To further promote the ideal of belonging, members of a Health Services Review team will evaluate well-being services on campus and suggest changes and improvements.
UR administration will also conduct research, overseen by Hale and Howard, to determine the location of a potential burial ground of enslaved people on campus and design a corresponding memorial.
Several other actions for the goal of belonging include reviewing the new student orientation model and initiating a pilot program for employee resources.
Capability is described in the report as “[b]ecoming a skilled intercultural community that enables and enriches an unparalleled academic experience.”
To make progress in this category, UR administration plans to launch a training program and evaluate anti-bias, anti-racism, equity and inclusion training for faculty and staff members.
There will also be an academic initiative to explore UR’s intersectional history and its legacies, including the enlistment of a public historian.
The Office of Institutional Effectiveness will collect, analyze and share data with the President's Cabinet, ICC and SAO to measure the results and progress of these initiatives.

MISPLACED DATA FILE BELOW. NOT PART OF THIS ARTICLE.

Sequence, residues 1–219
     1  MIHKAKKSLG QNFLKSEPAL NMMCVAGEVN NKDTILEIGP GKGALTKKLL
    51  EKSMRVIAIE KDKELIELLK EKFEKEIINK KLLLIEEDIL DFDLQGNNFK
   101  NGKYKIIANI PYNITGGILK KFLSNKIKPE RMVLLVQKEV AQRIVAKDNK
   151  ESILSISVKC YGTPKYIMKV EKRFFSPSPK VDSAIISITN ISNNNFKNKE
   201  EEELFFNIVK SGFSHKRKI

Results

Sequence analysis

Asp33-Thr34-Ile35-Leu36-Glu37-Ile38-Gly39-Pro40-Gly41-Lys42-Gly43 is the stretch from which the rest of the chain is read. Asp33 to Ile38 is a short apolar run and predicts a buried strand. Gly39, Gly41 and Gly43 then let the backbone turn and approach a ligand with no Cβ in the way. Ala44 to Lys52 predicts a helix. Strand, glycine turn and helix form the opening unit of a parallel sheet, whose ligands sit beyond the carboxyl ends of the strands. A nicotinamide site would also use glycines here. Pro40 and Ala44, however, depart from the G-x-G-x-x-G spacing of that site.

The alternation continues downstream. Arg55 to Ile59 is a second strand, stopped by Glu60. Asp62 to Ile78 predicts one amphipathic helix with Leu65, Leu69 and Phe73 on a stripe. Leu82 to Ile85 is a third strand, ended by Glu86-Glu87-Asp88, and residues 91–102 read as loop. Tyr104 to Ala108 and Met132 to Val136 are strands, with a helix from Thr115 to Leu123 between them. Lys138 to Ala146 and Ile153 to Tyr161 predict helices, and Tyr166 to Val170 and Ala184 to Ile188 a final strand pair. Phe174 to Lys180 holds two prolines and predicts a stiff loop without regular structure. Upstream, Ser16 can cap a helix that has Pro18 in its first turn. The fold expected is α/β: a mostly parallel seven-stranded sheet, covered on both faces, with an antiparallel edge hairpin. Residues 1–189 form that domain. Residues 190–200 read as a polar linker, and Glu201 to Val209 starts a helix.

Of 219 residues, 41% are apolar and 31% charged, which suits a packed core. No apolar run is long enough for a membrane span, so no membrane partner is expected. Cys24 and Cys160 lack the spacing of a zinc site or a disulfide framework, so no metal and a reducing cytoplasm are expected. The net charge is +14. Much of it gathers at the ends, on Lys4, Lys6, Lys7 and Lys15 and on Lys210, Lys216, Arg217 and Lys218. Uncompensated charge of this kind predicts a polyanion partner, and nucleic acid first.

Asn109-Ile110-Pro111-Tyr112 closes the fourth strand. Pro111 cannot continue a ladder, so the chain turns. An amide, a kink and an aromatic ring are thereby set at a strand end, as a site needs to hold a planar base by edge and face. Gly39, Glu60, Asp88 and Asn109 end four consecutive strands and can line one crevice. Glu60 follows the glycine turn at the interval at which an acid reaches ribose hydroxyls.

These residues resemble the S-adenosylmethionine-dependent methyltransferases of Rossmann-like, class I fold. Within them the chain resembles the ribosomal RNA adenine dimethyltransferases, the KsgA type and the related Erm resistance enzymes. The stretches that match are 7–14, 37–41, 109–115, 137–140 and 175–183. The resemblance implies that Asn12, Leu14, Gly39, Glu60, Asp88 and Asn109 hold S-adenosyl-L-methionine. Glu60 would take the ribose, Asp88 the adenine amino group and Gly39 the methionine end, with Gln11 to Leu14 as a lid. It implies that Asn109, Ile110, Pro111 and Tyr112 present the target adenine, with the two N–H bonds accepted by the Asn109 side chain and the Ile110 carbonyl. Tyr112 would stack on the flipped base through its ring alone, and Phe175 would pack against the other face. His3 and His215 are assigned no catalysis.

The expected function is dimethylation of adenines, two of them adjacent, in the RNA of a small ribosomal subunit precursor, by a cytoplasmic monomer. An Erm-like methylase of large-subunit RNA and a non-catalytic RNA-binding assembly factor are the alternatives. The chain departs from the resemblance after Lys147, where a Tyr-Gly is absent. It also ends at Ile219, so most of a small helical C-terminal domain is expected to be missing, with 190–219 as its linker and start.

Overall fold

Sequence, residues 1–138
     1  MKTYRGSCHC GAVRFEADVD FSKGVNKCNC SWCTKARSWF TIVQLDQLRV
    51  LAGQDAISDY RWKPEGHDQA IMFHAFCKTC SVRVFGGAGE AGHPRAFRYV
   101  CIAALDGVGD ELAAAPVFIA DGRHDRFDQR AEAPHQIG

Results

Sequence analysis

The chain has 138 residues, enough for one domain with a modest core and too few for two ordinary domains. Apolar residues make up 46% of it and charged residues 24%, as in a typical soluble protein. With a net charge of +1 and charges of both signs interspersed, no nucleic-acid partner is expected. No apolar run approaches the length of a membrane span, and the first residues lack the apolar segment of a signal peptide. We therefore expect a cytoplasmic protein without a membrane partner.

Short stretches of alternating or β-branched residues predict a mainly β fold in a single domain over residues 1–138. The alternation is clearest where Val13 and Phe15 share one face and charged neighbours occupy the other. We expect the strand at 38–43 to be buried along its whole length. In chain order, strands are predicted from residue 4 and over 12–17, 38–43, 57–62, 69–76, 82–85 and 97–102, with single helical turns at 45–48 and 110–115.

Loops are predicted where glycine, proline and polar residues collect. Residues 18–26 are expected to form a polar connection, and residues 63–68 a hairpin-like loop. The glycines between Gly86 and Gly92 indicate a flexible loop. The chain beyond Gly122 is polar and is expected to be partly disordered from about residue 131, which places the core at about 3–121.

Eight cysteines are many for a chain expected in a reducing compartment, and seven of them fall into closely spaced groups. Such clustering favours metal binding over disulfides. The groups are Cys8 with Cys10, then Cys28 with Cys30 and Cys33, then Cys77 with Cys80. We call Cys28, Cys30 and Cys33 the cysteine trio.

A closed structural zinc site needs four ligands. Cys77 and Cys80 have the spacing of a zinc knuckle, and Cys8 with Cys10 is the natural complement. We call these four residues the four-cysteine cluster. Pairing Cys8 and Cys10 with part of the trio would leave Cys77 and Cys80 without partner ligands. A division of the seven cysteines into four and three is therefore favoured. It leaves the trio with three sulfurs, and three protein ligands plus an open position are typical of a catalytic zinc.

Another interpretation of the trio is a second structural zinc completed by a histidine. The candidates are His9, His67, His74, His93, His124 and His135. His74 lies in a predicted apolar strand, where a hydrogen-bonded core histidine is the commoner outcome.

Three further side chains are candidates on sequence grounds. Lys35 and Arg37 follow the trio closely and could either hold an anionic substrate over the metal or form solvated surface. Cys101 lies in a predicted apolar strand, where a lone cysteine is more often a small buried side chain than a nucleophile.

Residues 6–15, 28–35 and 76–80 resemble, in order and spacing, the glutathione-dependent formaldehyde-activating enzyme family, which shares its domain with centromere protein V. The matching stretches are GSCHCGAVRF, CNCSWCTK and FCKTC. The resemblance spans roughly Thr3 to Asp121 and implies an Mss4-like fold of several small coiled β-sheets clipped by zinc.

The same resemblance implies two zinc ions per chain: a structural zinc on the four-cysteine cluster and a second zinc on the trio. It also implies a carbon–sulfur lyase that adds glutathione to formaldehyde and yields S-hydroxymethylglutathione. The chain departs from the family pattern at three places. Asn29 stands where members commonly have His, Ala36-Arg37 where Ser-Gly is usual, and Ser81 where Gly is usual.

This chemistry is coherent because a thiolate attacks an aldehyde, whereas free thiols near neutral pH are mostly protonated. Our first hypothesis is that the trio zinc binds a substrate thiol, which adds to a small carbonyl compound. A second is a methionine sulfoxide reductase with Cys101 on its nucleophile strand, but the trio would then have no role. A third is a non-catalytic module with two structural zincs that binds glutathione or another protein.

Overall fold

For part of the report, the PAC enlisted Keeling & Associates, a higher education consulting firm, to direct on-campus interviews, conduct focus groups and collect survey data over a three-day campus visit in October 2018.
The findings included opinions from almost 200 faculty members, staff members and students.
Paul explained that the main priority of the TIME subcommittee had been to identify certain populations of students that weren’t thriving in areas such as representation, belonging and capability, and then establish ways to address these institutional shortcomings.
The statistics included in the report are broken down into several demographic categories, showing the variance in opinions on campus inclusivity among different groups of students.
For example, 91% of Asian students believed UR would benefit from a more diverse student body, but only 67% of white students agreed.